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Author Topic: Norse paganism: Questions to be asked for a short story  (Read 828 times)

poptarts1

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Norse paganism: Questions to be asked for a short story
« on: February 01, 2018, 11:41:25 am »
How's it going everyone? I'm currently working on a short story that will have a main character that grew up Around Norway, Iceland, and Greenland around 1000 common era. Seeing as though the main religion was Norse Paganism I'm needing some specifics filled it concerning certain beliefs of that faith. Any insight you have would be most welcomed. My questions are as follow:

1. Do the current beliefs of norse paganism differ from that of the beliefs held as far back as 500 to 1000 common era? If so, how?

2. Is the "All-Father" the same as the god "Oden"? In what ways?

3. There are certain star constellations that are supposed to represent certain gods. How are they regarded/viewed by the faith? What significance do they hold?

4. How did the world begin?

5. Describe the process of dying/ reaching Valhalla. What is Valhalla like?

6. Does your faith have an equivalent to purgatory?

7. The conversion to Christianity that started to overtake the areas previously mentioned was brought about around this time by Lief Erikson. How was/is this viewed by your community? Note: His father, "Eric the Red" refused to be converted. "Red's wife however, did convert.

Thanks for the help!
« Last Edit: February 01, 2018, 11:43:40 am by poptarts1 »

Darkhawk

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Re: Norse paganism: Questions to be asked for a short story
« Reply #1 on: February 01, 2018, 11:50:32 am »
1. Do the current beliefs of norse paganism differ from that of the beliefs held as far back as 500 to 1000 common era? If so, how?

Things that you should keep in mind:

- we do not know for certain what any ancient beliefset was, beyond what was written down, which is in the case of most cultures very minimal, and likely also only reflective of the practices of the elites

- we do know that cultural religions tend to be much more concerned with practice than belief in any case, as practice is what is actually relevant to binding a community together and belief is stuff that only exists in the skulls of individuals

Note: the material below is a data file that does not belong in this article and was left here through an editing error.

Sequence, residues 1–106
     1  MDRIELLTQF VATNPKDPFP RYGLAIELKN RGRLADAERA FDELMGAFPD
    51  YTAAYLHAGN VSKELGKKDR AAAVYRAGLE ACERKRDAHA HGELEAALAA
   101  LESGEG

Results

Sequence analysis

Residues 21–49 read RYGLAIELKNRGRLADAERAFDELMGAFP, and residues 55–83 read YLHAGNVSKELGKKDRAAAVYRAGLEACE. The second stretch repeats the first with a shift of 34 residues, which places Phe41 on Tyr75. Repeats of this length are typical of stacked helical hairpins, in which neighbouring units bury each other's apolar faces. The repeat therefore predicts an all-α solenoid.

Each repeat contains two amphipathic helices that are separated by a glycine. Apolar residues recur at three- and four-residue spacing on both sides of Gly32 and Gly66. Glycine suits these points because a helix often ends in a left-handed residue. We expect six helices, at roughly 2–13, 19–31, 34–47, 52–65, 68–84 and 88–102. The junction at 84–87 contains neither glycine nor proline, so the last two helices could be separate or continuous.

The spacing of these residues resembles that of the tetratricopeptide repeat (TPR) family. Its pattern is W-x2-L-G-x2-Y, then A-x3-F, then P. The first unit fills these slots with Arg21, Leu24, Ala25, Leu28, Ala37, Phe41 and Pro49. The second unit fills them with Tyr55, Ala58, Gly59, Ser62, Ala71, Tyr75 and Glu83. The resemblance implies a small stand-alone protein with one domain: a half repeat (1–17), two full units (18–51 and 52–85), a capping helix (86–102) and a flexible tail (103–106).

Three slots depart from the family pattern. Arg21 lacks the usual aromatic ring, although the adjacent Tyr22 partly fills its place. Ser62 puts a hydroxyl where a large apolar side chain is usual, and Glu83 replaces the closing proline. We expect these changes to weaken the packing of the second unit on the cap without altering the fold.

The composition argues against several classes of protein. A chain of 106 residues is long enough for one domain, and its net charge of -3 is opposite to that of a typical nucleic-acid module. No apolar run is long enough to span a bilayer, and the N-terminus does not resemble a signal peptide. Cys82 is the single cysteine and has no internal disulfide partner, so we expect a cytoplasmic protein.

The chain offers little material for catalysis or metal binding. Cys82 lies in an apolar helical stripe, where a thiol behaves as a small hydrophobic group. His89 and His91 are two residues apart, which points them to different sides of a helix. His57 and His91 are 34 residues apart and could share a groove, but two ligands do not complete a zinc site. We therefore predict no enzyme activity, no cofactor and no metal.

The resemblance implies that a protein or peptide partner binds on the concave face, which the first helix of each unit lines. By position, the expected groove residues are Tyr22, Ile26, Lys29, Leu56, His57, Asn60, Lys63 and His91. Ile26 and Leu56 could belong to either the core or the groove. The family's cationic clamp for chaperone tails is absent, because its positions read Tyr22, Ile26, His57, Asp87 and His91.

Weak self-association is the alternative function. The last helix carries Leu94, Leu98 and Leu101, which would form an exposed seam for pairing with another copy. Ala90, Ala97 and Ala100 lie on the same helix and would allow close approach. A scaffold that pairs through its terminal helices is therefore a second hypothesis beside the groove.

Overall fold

- our understanding of what people practiced is likewise sketchy.  Practices do not leave easy to interpret archaeological finds, and tend to be primarily reported by outsiders who want to exaggerate their differences from "normal" behavior.  We've got Stuff, and we've got Sites, and we've got some ideas about some of how people used the Stuff at the Sites, but there's a lot of argument about what that means in practice.

So the answers to your questions boil down to "Yes, of course" and "Who knows?" though there are more nuanced specifics available to people whose field of study this is.
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ehbowen

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Re: Norse paganism: Questions to be asked for a short story
« Reply #2 on: February 01, 2018, 02:41:31 pm »


So the answers to your questions boil down to "Yes, of course" and "Who knows?" though there are more nuanced specifics available to people whose field of study this is.

Not that I presume to speak for Darkhawk, but my takeaway from the above is that as long as you do not deliberately malign or distort the tradition, you can use a good bit of leeway and justify it as author's license. From all accounts most deities have a decent sense of humor, and those who don't probably need a good poke anyhow.

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Megatherium

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Re: Norse paganism: Questions to be asked for a short story
« Reply #3 on: February 01, 2018, 07:07:36 pm »
How's it going everyone? I'm currently working on a short story that will have a main character that grew up Around Norway, Iceland, and Greenland around 1000 common era. Seeing as though the main religion was Norse Paganism I'm needing some specifics filled it concerning certain beliefs of that faith. Any insight you have would be most welcomed. My questions are as follow:

1. Do the current beliefs of norse paganism differ from that of the beliefs held as far back as 500 to 1000 common era? If so, how?

Undoubtedly yes. The biggest difference is that historical Heathens would have inherited their religious traditions as part of the culture - it was the water they swam in so to speak. Modern Heathens have to actively study past cultures, and then decide how and what to incorporate into a modern context. That means that there are not just differences, but that historical and modern Heathenry are fundamentally different types of religions. There are, however, likely some very general similarities with the worship of multiple deities, the importance of ancestors and community, the use of offerings as part of religious ritual, etc.